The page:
‘We want people to get vegetables fresh anytime’
Icall myself a new age farmer. New age farmer because people like me who have been to school, people expect us to go for white collar jobs but instead I am farming and farming is stereotyped to certain kind of people in the village, the old people with their hoes on their shoulders and that kind of stuff. But I am different, educated yet on the farm and that is a strange picture
What specific activity do you do?
We focus mainly on vegetable farming. All sorts of vegetables and that is because we have identified the importance of vegetables in our lifestyle and also our health. So we focus more on that and we try to get other people to do same as, apart from being food, they are also important to our health.
What sort of vegetables?
I mean spinach, tomato, cucumber, lettuce, broccoli, cauliflower. Some of them are considered exotic but they are very common where I farm. Even fruits like strawberry, raspberry, blackberries, these are all considered exotic you know and most of the time we use them we import them, but we can grow them here and use them for our benefit.
You do all these on the Plateau where the weather is more temperate?
The weather in Jos is very helpful for all these, the strawberries, even the cauliflower, broccoli, they all like cool weather and Jos is very cool and conducive that is why in Nigeria, because of its conducive weather, Jos can thrive with all these farming activities.
I understand that you are also into organic farming. What sort of organic farming practice are you into?
When you talk of organic farming, it is in trying to produce and preserve produce with very little or no chemical intervention because these things may have an effect even on consumers when they are used excessively. So organic farming is all in a bid to try and reduce the use of these chemicals, if possible try and eliminate them a 100 percent.
You mean in terms fertiliser, pesticide etc?
Yes, chemical fertiliser, pesticides and all those things you use to enhance the produce.
How then do you deal with insect infestation and the challenge of the fertiliser needs of some crops?
Well, on fertiliser needs, natural compost is the answer whereby you dump organic things and let them decompose. Food waste, crop waste and all those things that decompose and then manure from chicken droppings, cow droppings, horse droppings etc. So we try to create a system whereby we collect these things from various farms and use as fertiliser on our soil and with that you find that you do not need to apply chemical fertiliser, so that is one way. We also consider using natural things that can be used as pesticides and insecticides and there are some other crops that have instant repellent properties like celery which has this property, same with parsley even onion. All these things with odour. And there are ways you can blend these things and mix and add liquid to them use as insecticides on your crops and that way you do not need chemical application on your crops.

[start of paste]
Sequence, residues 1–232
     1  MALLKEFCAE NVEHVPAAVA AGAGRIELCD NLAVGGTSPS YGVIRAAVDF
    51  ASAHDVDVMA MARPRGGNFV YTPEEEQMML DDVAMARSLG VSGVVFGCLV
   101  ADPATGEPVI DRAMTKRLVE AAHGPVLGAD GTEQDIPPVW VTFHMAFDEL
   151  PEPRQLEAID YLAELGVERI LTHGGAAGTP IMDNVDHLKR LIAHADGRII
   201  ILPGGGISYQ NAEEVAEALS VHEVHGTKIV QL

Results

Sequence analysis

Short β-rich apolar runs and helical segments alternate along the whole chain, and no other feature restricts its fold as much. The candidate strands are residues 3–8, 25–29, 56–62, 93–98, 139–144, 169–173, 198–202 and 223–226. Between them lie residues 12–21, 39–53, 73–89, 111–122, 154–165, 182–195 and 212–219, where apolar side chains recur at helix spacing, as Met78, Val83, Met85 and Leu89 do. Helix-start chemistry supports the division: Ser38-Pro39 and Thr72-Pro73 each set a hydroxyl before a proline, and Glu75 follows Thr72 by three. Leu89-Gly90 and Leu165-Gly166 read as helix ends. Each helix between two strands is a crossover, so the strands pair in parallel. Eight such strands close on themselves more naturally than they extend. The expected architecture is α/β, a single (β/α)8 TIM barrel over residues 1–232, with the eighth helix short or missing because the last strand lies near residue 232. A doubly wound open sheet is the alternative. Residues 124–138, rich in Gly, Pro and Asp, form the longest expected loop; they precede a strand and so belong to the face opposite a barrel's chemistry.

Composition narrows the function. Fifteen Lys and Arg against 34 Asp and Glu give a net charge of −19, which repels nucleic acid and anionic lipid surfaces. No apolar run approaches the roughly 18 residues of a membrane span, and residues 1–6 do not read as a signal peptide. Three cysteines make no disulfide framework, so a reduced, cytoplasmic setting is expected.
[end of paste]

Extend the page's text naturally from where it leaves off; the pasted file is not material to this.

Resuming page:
With more research we could find more ways of organically dealing with insects and pests on our farms.
But is there a demand for organic products; is it worthwhile for the farmer to take the trouble to produce organically?
Well, there is the market because right now you find a new awareness about healthy living, healthy lifestyle and this is something that is already advanced in the developed world. Now in Nigeria, the awareness is starting to come so people will appreciate the extra effort by those farmers who produce organic food and vegetables. And apart from them even the expatriates that are here and who have that knowledge they want to know that they can get whatever they want whenever they are in Nigeria, so we will fill that gap